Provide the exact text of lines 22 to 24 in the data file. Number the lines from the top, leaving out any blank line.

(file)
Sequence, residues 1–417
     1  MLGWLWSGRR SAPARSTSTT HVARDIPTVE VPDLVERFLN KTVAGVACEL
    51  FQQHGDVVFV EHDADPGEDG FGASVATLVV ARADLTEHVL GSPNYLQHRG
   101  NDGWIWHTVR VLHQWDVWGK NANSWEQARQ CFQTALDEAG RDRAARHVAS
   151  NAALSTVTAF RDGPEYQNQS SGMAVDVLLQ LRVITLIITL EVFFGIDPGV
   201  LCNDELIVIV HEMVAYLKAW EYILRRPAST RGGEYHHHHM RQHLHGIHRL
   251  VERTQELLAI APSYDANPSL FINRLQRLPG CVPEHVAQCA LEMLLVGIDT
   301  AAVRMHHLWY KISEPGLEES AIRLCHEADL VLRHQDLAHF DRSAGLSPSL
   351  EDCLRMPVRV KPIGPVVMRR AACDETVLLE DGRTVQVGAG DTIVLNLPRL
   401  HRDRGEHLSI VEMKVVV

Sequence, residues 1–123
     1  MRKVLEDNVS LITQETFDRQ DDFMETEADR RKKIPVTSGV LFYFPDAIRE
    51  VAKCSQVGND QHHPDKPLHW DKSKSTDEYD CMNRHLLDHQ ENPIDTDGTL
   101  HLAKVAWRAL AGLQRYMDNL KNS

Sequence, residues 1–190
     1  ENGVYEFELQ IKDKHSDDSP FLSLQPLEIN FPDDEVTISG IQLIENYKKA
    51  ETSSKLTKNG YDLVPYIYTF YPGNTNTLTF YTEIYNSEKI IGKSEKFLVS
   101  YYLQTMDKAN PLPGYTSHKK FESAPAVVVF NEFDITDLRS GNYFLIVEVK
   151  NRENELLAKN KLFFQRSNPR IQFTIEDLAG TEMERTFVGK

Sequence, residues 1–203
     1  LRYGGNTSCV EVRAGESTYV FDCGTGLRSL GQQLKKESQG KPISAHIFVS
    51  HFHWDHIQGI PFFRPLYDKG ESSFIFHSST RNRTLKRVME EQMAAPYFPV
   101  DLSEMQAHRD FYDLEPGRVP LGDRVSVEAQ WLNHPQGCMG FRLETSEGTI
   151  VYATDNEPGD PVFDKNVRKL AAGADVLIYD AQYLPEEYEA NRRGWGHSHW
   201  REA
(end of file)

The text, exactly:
    51  HFHWDHIQGI PFFRPLYDKG ESSFIFHSST RNRTLKRVME EQMAAPYFPV
   101  DLSEMQAHRD FYDLEPGRVP LGDRVSVEAQ WLNHPQGCMG FRLETSEGTI
   151  VYATDNEPGD PVFDKNVRKL AAGADVLIYD AQYLPEEYEA NRRGWGHSHW